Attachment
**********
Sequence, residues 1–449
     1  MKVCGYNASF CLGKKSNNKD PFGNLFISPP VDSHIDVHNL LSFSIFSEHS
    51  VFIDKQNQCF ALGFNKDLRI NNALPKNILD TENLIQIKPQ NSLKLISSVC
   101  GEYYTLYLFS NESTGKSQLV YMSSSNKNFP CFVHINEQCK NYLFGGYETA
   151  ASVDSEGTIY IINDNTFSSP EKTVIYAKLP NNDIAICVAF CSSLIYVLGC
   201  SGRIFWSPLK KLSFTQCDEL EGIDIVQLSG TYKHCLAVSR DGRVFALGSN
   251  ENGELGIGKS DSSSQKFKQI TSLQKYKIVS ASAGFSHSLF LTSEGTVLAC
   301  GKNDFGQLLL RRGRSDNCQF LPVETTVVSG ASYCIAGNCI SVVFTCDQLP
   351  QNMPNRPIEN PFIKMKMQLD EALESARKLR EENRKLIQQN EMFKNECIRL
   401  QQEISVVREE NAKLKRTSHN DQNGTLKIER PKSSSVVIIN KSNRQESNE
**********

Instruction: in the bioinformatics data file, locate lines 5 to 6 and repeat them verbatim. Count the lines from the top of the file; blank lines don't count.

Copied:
   151  ASVDSEGTIY IINDNTFSSP EKTVIYAKLP NNDIAICVAF CSSLIYVLGC
   201  SGRIFWSPLK KLSFTQCDEL EGIDIVQLSG TYKHCLAVSR DGRVFALGSN